|Publication number||US7881939 B2|
|Application number||US 11/141,125|
|Publication date||Feb 1, 2011|
|Filing date||May 31, 2005|
|Priority date||May 31, 2005|
|Also published as||EP1889464A2, EP1889464A4, EP1889464B1, US20060285651, WO2006130364A2, WO2006130364A3|
|Publication number||11141125, 141125, US 7881939 B2, US 7881939B2, US-B2-7881939, US7881939 B2, US7881939B2|
|Inventors||Lee D. Tice|
|Original Assignee||Honeywell International Inc.|
|Export Citation||BiBTeX, EndNote, RefMan|
|Patent Citations (39), Non-Patent Citations (1), Referenced by (1), Classifications (17), Legal Events (2)|
|External Links: USPTO, USPTO Assignment, Espacenet|
The present invention relates to the remote monitoring of a patient that incorporates the ability of that patient to call for help during emergency situations without carrying a specific device on their person. More specifically, the present invention relates to monitoring systems with acoustical devices and speech recognition that are capable of recognizing a patient's request for assistance and can automatically initiate a summons for help.
Systems are known that monitor a resident within a home as part of a home monitoring system. One such system has been disclosed in U.S. Pat. No. 6,402,691 B1 entitled “In-Home Patient Monitoring System issued Jun. 11, 2002. These systems save costs by physiological testing of the person and transmitting that information to a remote monitoring location. In addition, these systems can include an automated call function. Questions can be asked relative to the resident's condition and medications. Another such system has been disclosed in U.S. patent application Ser. No. 10/956,681, filed Oct. 1, 2004. The '681 application has been assigned to the assignee hereof and is incorporated herein by reference.
Known systems rely upon the resident having the mobility to use the system. This includes answering any telephone query that is automatically generated on a periodic basis. In some cases, these queries can be less than daily depending on the condition of the resident and his/her medications.
In a home monitoring system, a resident is monitored for physiological and other conditions indicative of health and well-being. The physiological monitoring can include the person's vital signs such as weight, blood pressure, pulse rate and oxygen saturation. The system may also incorporate medication control to support the health and well-being of the resident.
In the event that the physiological monitoring determines that an emergency situation is prevalent or the physiological measurement is not completed as scheduled or the medication is not taken as prescribed, a call can be initiated to a remote monitoring facility to provide an alert. The remote monitoring facility can respond by calling the resident or patient or by visiting the person. However, the follow-up call may find that no one answers the phone and therefore a visit is scheduled for a later time.
The resident may not be answering the phone because he/she went outside, could not hear the phone ring, or was not able to respond. Other reasons for not being able to respond include, the person fell down and cannot get up, or, had an earlier emergency and is now incapacitated or unavailable at the scheduled time. Because the cause is not certain, a routine follow-up call may be made. It therefore becomes extremely important to initiate a call at the first sign of an abnormal situation. Otherwise, a person that falls could be down for a very long time and need assistance. The person might also miss vital medications or monitoring.
There are also systems wherein the resident carries a device that can be activated send a signal for help if he/she falls or become demobilized. However, these systems rely upon the person having the transmitting device on their person at the time of the emergency. It is possible if not likely that the resident will remove the device and forget to put it back on under certain circumstances such as bathing, sleeping, or changing clothing. This raises the potential that the resident may not be able to summon help when demobilized by falling or by other reasons.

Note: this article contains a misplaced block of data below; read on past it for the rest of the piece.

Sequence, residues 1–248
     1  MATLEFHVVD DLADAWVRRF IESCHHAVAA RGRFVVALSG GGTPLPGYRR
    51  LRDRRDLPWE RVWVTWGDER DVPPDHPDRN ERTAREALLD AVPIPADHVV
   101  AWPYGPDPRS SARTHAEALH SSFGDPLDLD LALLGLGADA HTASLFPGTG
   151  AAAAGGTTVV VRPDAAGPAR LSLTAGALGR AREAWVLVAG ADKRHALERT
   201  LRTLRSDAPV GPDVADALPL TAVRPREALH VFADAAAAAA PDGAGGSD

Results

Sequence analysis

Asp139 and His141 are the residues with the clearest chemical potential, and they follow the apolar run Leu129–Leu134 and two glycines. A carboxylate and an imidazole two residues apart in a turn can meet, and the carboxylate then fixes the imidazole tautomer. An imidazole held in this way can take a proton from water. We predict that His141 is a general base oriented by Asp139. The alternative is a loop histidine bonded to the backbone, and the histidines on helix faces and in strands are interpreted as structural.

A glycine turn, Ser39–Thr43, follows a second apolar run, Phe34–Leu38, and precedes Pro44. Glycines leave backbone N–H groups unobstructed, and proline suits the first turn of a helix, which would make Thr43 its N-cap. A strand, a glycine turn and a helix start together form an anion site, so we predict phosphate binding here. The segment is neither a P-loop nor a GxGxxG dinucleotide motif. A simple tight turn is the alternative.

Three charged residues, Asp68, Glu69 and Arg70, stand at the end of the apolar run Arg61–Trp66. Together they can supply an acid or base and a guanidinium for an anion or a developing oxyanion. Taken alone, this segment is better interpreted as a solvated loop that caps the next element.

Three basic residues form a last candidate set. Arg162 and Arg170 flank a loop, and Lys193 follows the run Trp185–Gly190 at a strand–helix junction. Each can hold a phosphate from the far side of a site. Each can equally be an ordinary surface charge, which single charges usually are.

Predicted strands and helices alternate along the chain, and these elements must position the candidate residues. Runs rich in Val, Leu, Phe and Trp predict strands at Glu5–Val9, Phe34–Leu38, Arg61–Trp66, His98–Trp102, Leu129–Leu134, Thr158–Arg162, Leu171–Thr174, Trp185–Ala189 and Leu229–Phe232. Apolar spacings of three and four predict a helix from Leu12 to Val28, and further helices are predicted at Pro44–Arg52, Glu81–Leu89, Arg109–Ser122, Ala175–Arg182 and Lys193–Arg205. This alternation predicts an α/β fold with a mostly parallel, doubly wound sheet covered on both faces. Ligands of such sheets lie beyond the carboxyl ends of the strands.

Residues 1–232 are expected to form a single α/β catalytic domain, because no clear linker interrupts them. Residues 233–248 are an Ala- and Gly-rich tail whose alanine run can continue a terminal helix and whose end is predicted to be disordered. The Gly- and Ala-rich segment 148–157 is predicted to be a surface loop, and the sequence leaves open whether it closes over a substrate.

Therefore, there exists a need for improved systems for summoning help in situations where time can be important to survival or relief of discomfort.
While embodiments of this invention can take many different forms, specific embodiments thereof are shown in the drawings and will be described herein in detail with the understanding that the present disclosure is to be considered as an exemplification of the principles of the invention, as well as the best mode of practicing same, and is not intended to limit the invention to the specific embodiment illustrated.
In systems that embody the invention, acoustic transducers can be located in primary regions of a home. These acoustic transducers can be connected to a computer or similar device that incorporates software and that can perform a speech recognition function.
The speech of a resident may be used for as a basis for programming a speech recognition function such that the resident's speech can be recognized while other ambient noise or sounds are present. Some ambient sounds can come from a radio or TV that is running. The resident can enter specific sounds, words or word phrases that will be recognized by the home monitoring system. Some of these words could include “help, or help me, or other words descriptive of the situation such as “it hurts, etc.”
Instead of words, characteristics of the resident's speech could be programmed and recognized so that any high stress speech pattern will initiate a response. In addition, it is within the scope of this invention that the monitoring system could have control of the radio or TV and interrupt power or audio output from these devices if it recognizes the resident's speech. Different recognition techniques and methods can be used to identify a situation where the resident needs assistance.
In a residence, there may be a television or other source of sounds and voices that are not related to the patient's need for help. Speech recognition and system activation software may have problems determining if a stressful speech or sound is the patient's speech or a television or other audio system.
In order to distinguish the resident's speech from simultaneous, loud television or audio output, a sound transducer can be located at the output of these devices. The signals from these sound transducers can then be transmitted to the monitoring system wherein the software uses them to compensate the other sensors in the residence.
The transducers throughout the residence can each be compensated in software or hardware to minimize and cancel signals that relate to the television or other audio system. With this compensation, the transducers throughout the residence can have a high sensitivity to those sounds of interest. These would include the voice of the patient.